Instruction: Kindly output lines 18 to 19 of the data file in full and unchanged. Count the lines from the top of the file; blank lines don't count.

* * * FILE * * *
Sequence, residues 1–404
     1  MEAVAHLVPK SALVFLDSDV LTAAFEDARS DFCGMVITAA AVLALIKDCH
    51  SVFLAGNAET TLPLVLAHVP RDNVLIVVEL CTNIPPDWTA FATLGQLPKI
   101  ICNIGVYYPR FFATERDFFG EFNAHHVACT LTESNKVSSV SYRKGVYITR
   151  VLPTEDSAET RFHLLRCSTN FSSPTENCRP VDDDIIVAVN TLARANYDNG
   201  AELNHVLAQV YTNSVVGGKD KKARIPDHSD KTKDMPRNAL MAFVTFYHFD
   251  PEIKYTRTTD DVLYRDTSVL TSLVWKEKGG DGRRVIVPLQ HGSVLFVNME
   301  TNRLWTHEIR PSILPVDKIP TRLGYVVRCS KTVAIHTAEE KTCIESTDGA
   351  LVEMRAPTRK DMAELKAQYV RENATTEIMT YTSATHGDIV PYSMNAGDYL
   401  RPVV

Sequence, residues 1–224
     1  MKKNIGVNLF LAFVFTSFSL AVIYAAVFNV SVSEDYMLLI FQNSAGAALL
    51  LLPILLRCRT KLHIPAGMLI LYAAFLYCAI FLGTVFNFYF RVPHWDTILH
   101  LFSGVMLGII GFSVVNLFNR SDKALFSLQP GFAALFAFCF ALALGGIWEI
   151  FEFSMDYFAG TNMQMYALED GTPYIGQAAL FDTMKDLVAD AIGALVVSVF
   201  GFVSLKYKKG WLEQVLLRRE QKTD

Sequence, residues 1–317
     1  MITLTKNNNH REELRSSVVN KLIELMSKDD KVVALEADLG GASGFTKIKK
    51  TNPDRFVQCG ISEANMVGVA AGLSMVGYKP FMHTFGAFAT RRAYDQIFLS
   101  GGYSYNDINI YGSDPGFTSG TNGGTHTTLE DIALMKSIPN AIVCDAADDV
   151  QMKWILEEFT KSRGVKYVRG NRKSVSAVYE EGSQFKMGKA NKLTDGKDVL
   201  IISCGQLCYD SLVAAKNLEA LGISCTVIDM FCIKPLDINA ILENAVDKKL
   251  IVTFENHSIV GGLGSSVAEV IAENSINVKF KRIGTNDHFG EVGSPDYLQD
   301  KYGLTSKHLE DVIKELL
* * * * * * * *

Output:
     1  MITLTKNNNH REELRSSVVN KLIELMSKDD KVVALEADLG GASGFTKIKK
    51  TNPDRFVQCG ISEANMVGVA AGLSMVGYKP FMHTFGAFAT RRAYDQIFLS